More difficult to discern are those mistruths that are fed from positions of power. Even in established democracies, there is pressure on media to carry information as provided by the government. And in a fair and free society, why shouldn’t you be able to trust what the government claims? Mix in a good dose of fear, and few will resist the urge to run with a juicy story.

It a well-known fact that humans react to fear. It is an arousing emotion, causing agitation in individuals and forcing many to seek protection whether in a large group of likeminded people or authority. Arousing emotions motivate us to do or feel something – which is similar to the aim of propaganda.

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In one study on the use of fear to induce behavioural changes it was found that “regardless of what the threatened event was or how noxious it was, or how likely it was to occur, the stronger the belief that a coping response could avert danger, the more strongly people intended to adopt the communicator’s recommendation.” Put another way, it doesn’t matter how real or awful the danger, so long as we believe that something can be done to prevent it, we will likely opt for that course rather than any other. Given our propensity to spread wishful rumours, journalists will find it difficult to refuse sharing messages of some hope, where an alternative course might be taken to avert catastrophe.

Fear can be a powerful driver to encourage us to do things we ordinarily would not – such as publish a lie as fact. If we are not vigilant, especially during uncertain times, we can easily be coerced into supporting disastrous decisions. The 2003 invasion of Iraq comes to mind.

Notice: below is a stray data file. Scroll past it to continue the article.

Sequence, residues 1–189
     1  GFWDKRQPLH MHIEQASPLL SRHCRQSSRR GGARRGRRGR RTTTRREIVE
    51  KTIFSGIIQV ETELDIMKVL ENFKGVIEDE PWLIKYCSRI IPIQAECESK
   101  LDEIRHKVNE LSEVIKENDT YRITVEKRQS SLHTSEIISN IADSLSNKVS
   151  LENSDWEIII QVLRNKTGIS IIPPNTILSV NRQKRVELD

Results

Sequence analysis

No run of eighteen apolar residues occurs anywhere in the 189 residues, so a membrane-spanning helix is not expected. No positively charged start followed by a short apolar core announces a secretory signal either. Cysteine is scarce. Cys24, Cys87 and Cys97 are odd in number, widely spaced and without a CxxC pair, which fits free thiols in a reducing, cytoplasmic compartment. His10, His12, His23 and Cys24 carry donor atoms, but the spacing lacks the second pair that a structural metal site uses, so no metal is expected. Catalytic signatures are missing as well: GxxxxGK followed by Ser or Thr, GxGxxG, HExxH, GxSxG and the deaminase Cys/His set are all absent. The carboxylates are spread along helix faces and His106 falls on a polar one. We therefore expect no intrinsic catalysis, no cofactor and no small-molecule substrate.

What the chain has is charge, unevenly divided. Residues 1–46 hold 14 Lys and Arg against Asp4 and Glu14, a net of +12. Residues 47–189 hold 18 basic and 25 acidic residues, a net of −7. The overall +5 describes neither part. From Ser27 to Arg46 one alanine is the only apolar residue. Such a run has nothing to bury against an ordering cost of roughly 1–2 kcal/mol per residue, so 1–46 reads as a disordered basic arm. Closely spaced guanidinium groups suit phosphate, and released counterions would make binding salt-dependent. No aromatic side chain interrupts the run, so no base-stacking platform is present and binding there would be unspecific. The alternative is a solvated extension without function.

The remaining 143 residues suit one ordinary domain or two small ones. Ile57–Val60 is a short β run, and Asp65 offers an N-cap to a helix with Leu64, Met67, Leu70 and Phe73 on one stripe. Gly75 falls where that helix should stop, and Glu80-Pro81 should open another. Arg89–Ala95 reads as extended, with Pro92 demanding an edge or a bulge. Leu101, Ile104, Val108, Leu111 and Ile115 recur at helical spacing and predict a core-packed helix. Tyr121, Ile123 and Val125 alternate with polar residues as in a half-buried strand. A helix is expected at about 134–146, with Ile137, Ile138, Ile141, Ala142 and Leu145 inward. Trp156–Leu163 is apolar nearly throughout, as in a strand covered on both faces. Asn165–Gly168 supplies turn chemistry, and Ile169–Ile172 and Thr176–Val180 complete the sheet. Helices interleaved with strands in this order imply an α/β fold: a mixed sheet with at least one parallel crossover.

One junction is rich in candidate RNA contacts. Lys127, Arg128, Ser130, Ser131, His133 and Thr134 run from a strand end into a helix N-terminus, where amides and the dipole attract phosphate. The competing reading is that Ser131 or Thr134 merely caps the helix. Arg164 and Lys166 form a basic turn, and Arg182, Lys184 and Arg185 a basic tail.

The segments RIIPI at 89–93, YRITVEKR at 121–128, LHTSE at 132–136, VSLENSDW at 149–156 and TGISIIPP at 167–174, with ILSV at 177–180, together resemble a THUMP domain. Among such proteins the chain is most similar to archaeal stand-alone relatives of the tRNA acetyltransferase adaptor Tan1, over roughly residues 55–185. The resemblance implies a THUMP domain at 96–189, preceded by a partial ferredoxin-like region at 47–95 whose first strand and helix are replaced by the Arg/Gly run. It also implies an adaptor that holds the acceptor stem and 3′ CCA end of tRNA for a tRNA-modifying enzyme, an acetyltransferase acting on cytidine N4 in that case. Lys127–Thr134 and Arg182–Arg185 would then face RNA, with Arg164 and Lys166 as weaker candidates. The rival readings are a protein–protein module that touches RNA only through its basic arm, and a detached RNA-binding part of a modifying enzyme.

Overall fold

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Just two years following the 9/11 attacks, the invasion of Iraq was sold to the public on tenacious links to Al Qaeda and a threat of weapons of mass destruction (WMD). Neither has subsequently been proven to be true. Quite the opposite, no WMDs were ever found in Iraq post-invasion. And it would appear that the Iraqi-bred Islamic terrorism, in the form of Daesh, has emerged only in the destabilizing wake of the war. Yet 72% of Americans supported the “War Against Iraq”. What’s more, a more recent study showed 42% of Americans still believed in 2015 that WMDs were found in Iraq.

Fear is an extremely effective measures for spreading (dis)information, especially among one’s own population.

This article is part of The Age of (Dis)information series: AgeDis

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About Author

La Generalista is the online identity of Alicia Wanless – a researcher and practitioner of strategic communications for social change in a Digital Age. Alicia is the director of the Partnership for Countering Influence Operations at the Carnegie Endowment for International Peace. With a growing international multi-stakeholder community, the Partnership aims to foster evidence-based policymaking to counter threats within the information environment. Wanless is currently a PhD Researcher at King’s College London exploring how the information environment can be studied in similar ways to the physical environment. She is also a pre-doctoral fellow at Stanford University’s Center for International Security and Cooperation, and was a tech advisor to Aspen Institute’s Commission on Information Disorder. Her work has been featured in Lawfare, The National Interest, Foreign Policy, and CBC.